Money, Mental Illness, and Me

*NB: for once, this post actually uses Referral Links!!! If you decide to sign up for any of the services referenced using links in this post, we both get a lil somethin’ monetarily from the services. Go us!

My one of my Words of the Year for 2020 is Investment. I’ve already spoken about my investments in myself and my writing here, so for this prompt I’m looking at it from a purely financial viewpoint.

Full disclosure – I suck at money. I am sharing a few strategies that are working for me to save effectively while I dig myself out of the hole I am currently stuck in. Results may vary, do your research before making any decisions. All observations are from my experience as a person living with mental illnesses and bad money habits. Use your discretion and best judgement in considering strategies for your situation.

So let’s just get this out there now – money and mental illnesses do not (always) mix. Add in tendencies to spend rather than save and you get disaster.

My general money pattern is: monitor my bank account every day, keep tabs on every penny, deny myself things and experiences I really want…then while wallowing in the resentment of what I CAN’T do, I spend on STUFF – books, yarn, takeout, whatever pretty shiny piece of jewelry caught my eye, etc.

And once the high of acquisition wears off (and let’s not mince words – it’s a high), I’m back where I started with the monitoring and the denial and the resentment.

Needless to say, I’ve been so busy doing debt control & reduction in the last 18 months that I haven’t been saving as I should be, which makes me get resentful, and the cycle repeats.

So it’s time for a new strategy – one I can actually stick to.

First thing I did was join a community on Facebook called Financial Common Cents – that has helped me more than anything. The group is incredibly supportive, and has helped me think of money and dealing with debt and savings in different ways.

Secondly, I figured out what kind of strategies worked for me. “Put into savings account” and “put cash into an envelope and hide it in the back of your sock drawer” are not good. There is always another bill to pay, or money I owe someone, or SOMETHING I need to use it for.

Plus (and I know this will make me sound like a spoilt 12 year old) if I feel like something is an obligation, I’m 1) going to resent it, 2) less likely to do/stick to it and 3) more likely to fall back into my old patterns.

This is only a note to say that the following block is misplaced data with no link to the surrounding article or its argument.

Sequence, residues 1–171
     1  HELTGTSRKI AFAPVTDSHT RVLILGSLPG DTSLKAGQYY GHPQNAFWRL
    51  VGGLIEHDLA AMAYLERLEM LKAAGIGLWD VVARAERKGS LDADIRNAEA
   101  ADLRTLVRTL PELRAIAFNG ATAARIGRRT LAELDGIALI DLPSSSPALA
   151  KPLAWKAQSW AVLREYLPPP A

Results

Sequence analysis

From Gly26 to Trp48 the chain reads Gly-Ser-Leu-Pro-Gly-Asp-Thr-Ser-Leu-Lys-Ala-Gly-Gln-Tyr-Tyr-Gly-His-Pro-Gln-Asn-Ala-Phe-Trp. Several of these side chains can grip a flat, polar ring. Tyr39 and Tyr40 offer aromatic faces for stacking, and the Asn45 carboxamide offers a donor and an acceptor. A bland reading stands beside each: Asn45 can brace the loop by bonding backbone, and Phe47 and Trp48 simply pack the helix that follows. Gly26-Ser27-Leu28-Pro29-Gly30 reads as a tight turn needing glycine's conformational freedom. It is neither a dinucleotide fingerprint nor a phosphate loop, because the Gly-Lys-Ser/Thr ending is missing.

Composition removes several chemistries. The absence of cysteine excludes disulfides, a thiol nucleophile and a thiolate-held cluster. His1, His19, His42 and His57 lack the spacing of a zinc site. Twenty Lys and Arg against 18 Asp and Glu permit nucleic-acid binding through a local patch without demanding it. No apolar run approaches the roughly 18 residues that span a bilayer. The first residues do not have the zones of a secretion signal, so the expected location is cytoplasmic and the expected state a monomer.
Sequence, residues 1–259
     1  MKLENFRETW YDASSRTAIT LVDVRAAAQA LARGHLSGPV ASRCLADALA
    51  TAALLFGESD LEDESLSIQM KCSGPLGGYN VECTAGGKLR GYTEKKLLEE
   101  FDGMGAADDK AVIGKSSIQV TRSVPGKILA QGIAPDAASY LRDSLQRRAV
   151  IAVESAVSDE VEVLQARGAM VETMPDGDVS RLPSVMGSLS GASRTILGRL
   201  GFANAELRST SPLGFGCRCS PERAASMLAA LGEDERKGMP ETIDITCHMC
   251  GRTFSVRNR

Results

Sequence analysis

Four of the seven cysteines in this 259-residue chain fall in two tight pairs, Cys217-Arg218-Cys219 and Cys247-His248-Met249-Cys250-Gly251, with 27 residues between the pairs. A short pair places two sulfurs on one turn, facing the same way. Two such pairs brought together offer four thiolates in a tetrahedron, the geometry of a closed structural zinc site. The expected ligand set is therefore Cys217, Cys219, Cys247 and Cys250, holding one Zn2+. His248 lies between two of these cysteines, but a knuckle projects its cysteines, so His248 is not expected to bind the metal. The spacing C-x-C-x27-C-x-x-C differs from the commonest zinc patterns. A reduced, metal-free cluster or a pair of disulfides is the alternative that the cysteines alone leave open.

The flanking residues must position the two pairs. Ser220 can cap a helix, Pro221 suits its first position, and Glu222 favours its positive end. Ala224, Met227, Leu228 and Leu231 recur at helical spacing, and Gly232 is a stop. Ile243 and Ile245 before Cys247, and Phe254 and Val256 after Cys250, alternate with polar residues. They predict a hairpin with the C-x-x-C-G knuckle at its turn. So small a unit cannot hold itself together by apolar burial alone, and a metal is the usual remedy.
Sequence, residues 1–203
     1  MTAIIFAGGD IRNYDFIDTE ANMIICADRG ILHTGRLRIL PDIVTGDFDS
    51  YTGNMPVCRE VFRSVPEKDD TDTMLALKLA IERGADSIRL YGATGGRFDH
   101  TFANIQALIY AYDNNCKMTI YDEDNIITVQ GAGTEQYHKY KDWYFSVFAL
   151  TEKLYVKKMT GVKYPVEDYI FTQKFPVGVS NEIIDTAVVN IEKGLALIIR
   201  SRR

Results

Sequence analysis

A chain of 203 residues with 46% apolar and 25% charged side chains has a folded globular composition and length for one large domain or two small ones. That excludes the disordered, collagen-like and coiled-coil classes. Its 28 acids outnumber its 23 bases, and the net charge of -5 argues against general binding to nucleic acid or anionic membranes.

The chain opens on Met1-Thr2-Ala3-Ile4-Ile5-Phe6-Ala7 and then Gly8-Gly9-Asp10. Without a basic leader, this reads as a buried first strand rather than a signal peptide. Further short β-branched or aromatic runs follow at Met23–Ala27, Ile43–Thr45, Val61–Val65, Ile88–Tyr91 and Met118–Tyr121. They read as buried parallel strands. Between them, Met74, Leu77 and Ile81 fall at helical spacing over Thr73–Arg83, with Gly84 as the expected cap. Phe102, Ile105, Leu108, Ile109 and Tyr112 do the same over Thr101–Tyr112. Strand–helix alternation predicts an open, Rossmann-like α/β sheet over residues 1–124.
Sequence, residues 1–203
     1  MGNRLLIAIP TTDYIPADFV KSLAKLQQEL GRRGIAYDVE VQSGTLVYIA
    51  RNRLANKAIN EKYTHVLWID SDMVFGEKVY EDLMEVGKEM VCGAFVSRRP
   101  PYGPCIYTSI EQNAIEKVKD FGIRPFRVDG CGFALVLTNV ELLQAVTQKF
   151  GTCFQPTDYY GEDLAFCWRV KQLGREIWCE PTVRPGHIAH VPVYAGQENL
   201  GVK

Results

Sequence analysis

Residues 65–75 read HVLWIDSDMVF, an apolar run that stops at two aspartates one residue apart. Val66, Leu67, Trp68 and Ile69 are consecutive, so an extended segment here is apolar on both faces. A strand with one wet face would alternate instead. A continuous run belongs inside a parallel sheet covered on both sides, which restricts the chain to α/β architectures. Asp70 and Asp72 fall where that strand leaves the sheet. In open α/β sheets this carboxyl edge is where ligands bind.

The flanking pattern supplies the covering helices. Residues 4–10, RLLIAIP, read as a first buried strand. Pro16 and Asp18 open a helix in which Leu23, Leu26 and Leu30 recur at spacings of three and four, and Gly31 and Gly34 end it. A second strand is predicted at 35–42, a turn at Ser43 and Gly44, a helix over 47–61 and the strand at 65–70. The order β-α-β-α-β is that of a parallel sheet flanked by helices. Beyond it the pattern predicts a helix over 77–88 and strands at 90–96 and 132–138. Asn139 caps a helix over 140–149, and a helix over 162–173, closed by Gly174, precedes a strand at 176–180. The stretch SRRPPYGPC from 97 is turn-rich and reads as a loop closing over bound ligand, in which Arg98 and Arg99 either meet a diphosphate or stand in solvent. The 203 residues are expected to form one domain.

So I needed a set-it-and-forget-it type of strategy combined with not having easy access to my money so I can’t pull it on a whim. Enter my 3 new best friends: Acorns, Qapital, and Self.

Acorns is an investment app. You link up a funding account and set your preferences – you can do a round up on all purchases made with that account, a one-time transfer, take advantage of “found money” opportunities (when a brand contributes a percentage of your purchase to your account) – answer a few questions to tailor your portfolio, and let it go.

They have other features like retirement savings and a debit card, but at this moment, all I utilize is the savings transfers. I think I threw in a whopping $5 to start it up, and if your funding account dips below a certain amount, they pause your withdrawals so you don’t overdraw. No contracts or commitments so you can withdraw or close at any time, but it does take a few days to a week for that process.

If you use my link, we both get $5. Huzzah!

Qapital feels like a game that helps me save, so therefore I love it. It’s recently moved into a paid membership model, but they do have a free Basic option, which is what I use. Much like Acorns, you link your funding account and set your rules, and your deposits are automatically transferred. No contracts or commitments, withdraw/close whenever, give a few days for your money to be returned.

What’s fun about Qapital is the kind of rules you can set – right now I have round ups set, AND I have silliness like “when the International Space Station passes over your home address, save $1.00” and “when temperature is above 80deg or below 32deg, save $1.00”. You can even link your Fitbit and set rules for saving when you hit step or sleep targets.

The downside is because it’s not a bank, it’s not an interest bearing account. But it’s something I don’t have to think about (they have an overdraft protection rule built in too), and I can actively track progress to the goal I’ve set, which makes me so happy.

If you use my link, we both get $5 in our account. Double Huzzah!

For my credit score in specific, I’m using Self, formerly Self Lender. It’s a credit-builder loan to yourself – for a $15 origination fee, you set the duration and amount of your payments, and Self holds it in a CD for the duration of your loan.  At the end of term, your CD matures and you get your money back.

It reports to the 3 credit bureaus, and as long as you keep up on your payments, it helps with  your length of credit history, your on-time payment history, and yes, helps to raise your score.

I’ve been doing the “$48 a month for 12 months” plan since March of 2019 – in that time my score went up by 58 points, I’ve never missed a payment, and my CD will fully mature in February 2020, so I will get the money I’ve put in back within 10-14 days.

Then I’ll probably start a new one and keep the good progress going.

Here’s my link if you want to investigate – you won’t get a bonus if you use it, but better credit will do nothing but help in the long run. so I think it would be worth it.

So that is how I am investing in my future over the next year. With some job things looming on the horizon, I’m anxious I’ll be able to continue with the pace I’ve set, but hey, that’s what side hustles are for!

 

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